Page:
Leadership Empathy

design-10What do good leaders know about the emotions of those they lead?

Daniel Goleman and Paul Ekman write and talk about the emotions of everyday people, leaders included. Goleman’s book, On Emotional Intelligence is a highly recognized and invaluable resource for today’s leaders (I believe it should be required reading for every pastor).

In a recent article, Goleman and Ekman detail 3 ways that a leader can sense what another person is feeling. Leaders who have a developed social and emotional intelligence are far more effective at leading others than those who do not. This concept is especially important to those of us who work closely with people who struggle or experience crisis. I found the information helpful in the continual honing of my leadership skills.

The first trait listed is “cognitive empathy,” which is simply being aware of how the other person feels and perhaps what they could be thinking at that time. Most people are able to read the emotions of others. Verbal and physical cues provide most of the data needed in order to identify the emotional state of others. However, leaders must be aware that, in some situations, being aware is not enough. This skill is appropriate when negotiating a deal or brokering a transaction. But in especially sensitive circumstances, others can perceive cognitive empathy as cold hearted, detached or non-caring. Depending upon the nature of the issue being addressed, cognitive empathy may not be enough.

When dealing with people in crisis, leaders should also display “emotional empathy.” Emotional empathy is when a leader feels the emotions of those they lead. It provides the ability to sense AND feel what is happening in the people around us. This is a vitally important trait for those in ministry, in helps industries, and especially for parents. Any married person had better master this skill! Of course, there are times when emotional empathy can hinder the effectiveness of a leader. An example may be a pastor who must provide care to a grieving family. If the minister cannot compose herself long enough to conduct a funeral service, they won’t be able to help the family much. There is a time to cry and laugh along with people, but there is also a time to maintain composure.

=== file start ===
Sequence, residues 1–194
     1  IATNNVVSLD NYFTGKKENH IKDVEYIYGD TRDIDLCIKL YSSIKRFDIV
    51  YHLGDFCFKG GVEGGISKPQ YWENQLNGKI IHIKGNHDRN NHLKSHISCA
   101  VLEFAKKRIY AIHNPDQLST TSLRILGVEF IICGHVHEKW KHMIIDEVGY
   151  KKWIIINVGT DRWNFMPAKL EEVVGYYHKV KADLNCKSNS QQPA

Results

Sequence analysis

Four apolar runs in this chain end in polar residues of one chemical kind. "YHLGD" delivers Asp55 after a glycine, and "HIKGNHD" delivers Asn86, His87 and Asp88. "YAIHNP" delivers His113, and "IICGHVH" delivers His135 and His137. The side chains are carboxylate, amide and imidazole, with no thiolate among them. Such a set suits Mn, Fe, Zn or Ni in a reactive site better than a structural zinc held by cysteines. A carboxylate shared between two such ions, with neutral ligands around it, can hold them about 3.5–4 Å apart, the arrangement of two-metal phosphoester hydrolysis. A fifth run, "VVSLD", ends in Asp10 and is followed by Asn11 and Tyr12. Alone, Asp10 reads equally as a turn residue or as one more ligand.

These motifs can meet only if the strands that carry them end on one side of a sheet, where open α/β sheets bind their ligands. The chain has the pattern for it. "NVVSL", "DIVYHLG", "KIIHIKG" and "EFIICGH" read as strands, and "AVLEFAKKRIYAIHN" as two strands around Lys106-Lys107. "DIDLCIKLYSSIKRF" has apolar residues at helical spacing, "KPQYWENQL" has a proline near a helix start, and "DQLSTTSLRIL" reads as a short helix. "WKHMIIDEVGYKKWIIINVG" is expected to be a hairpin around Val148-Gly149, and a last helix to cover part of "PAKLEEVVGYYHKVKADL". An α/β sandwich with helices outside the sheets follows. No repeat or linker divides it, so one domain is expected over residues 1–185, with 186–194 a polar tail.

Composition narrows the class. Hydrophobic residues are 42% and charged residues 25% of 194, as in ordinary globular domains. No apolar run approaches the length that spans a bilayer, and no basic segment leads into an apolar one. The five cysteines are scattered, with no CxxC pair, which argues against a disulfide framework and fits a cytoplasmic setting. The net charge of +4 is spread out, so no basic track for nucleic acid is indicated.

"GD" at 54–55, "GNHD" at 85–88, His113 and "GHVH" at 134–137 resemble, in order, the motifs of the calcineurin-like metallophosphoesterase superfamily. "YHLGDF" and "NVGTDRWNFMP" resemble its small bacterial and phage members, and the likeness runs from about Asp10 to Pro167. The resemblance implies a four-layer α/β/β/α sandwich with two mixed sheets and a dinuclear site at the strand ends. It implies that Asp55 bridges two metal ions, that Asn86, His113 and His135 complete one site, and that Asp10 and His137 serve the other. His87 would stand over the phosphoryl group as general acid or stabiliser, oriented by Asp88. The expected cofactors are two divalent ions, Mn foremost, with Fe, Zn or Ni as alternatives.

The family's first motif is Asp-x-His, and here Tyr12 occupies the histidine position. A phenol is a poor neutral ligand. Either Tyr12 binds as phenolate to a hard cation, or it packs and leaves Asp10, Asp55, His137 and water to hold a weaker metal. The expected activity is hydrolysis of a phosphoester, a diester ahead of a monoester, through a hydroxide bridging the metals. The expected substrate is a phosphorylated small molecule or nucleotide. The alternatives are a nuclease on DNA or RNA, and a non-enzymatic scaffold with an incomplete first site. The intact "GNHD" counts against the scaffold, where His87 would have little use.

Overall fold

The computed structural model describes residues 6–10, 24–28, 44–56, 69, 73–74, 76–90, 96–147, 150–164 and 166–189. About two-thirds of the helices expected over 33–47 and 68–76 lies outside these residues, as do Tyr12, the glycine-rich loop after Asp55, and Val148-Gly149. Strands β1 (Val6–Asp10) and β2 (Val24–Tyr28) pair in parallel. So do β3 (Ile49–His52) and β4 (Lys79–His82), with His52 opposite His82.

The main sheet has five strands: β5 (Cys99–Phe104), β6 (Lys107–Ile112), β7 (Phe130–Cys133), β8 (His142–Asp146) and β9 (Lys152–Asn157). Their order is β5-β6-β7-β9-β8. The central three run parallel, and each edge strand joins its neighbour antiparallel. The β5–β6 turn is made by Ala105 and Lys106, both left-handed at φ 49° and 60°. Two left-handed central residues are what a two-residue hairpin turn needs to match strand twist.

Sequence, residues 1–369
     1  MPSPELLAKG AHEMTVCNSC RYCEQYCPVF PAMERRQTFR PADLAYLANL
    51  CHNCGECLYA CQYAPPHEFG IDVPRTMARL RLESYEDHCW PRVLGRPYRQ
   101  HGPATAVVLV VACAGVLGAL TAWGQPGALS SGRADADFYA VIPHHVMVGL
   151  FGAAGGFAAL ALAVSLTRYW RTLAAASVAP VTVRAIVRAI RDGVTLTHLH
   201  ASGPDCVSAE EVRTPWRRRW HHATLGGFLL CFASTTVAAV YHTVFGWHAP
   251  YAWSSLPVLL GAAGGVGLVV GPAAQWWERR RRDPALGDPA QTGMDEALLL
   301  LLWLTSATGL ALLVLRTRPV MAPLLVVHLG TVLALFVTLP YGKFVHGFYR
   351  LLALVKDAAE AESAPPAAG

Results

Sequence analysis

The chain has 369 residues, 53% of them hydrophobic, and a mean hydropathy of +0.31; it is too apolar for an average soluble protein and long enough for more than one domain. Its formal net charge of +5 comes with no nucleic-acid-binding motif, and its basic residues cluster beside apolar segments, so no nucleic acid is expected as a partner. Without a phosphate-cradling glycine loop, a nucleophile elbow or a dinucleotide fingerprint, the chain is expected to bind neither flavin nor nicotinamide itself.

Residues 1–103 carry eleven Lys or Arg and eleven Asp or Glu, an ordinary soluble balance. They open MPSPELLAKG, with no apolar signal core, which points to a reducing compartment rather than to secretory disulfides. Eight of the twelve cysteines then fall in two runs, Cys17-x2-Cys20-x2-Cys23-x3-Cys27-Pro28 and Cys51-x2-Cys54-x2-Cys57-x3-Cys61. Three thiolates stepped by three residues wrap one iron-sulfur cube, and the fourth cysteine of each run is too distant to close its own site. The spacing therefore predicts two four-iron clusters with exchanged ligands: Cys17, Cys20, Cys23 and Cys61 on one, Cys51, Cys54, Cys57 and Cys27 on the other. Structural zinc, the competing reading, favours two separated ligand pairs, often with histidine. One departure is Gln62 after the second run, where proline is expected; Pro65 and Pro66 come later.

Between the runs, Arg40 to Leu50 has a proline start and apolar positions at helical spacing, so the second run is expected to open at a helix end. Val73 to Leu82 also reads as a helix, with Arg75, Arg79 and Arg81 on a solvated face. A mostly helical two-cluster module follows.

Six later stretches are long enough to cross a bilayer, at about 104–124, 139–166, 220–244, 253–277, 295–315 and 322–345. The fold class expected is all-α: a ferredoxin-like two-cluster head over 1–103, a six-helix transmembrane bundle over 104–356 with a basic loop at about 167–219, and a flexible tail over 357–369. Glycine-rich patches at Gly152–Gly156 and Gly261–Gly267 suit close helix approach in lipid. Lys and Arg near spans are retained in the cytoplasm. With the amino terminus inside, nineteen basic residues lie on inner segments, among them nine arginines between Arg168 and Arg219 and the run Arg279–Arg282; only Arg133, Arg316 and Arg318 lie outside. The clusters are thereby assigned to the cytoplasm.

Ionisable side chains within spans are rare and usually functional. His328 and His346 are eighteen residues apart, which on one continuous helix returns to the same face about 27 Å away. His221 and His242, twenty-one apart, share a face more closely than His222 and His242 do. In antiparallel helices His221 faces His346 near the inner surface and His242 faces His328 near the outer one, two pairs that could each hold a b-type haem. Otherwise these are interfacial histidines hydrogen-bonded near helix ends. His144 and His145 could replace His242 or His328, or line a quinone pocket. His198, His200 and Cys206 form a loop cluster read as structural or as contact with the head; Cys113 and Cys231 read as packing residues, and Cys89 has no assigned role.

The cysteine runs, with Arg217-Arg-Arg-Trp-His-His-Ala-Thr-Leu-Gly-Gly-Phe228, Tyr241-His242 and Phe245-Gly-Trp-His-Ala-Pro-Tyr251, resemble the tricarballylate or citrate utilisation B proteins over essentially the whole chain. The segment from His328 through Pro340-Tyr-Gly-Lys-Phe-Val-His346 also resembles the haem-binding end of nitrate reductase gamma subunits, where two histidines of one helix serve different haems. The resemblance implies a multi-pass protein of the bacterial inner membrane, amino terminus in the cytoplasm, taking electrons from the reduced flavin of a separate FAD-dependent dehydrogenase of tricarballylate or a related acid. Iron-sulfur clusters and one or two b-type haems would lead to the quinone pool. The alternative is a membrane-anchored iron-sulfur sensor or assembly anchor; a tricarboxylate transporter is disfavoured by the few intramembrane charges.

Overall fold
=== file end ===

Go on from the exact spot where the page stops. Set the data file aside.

Ekman identifies a third element: “compassionate empathy,” which Goleman calls “empathic concern.” This type of empathy takes a leader beyond awareness and sensitivity – to action. We are moved to get involved. Once again, in crisis situations, this trait can be invaluable. Unless and until leaders regularly experience and express compassionate empathy, they are lacking a Christ-like attitude about leadership.

While we are not the Messiah, the Lord calls Christian leaders to not only be aware of and experience the emotions of those we lead, but at times, we are compelled to engage in helping to heal the hurting. James 2:15-16 provides thought: “Suppose a brother or a sister is without clothes and daily food.  If one of you says to them, “Go in peace; keep warm and well fed,” but does nothing about their physical needs, what good is it?” (NIV) Not every situation requires a leader to have empathetic concern (we would be in a mess if they did), but leaders must never lose the ability to feel and take appropriate actions.

As the world becomes more complex, the responsibilities of leaders follow suit. It is necessary for us to be aware of emotions, feel along with those we lead and know what action to take and when.

It’s not as easy as some people think. So let’s work on it.

The Science of Survival

41Iu-eGceGL._SX331_BO1,204,203,200_I am in the process of reading several survival books: biographies autobiographies, and survival science about people who survived in very difficult, life threatening situations. The reason for my interest is, I see many in my world who don’t survive. They quit. They give up. They fail. They go through the motions of their work but on the inside they are done.

Why do so many leaders opt out before they are successful? What causes some apparently emotionally healthy people to resign from life? Is there a key to understanding why people willingly throw away a lifetime of hard work? These survival books are a fascinating way of discovering the emotional and mental makeup of those who live when many others die.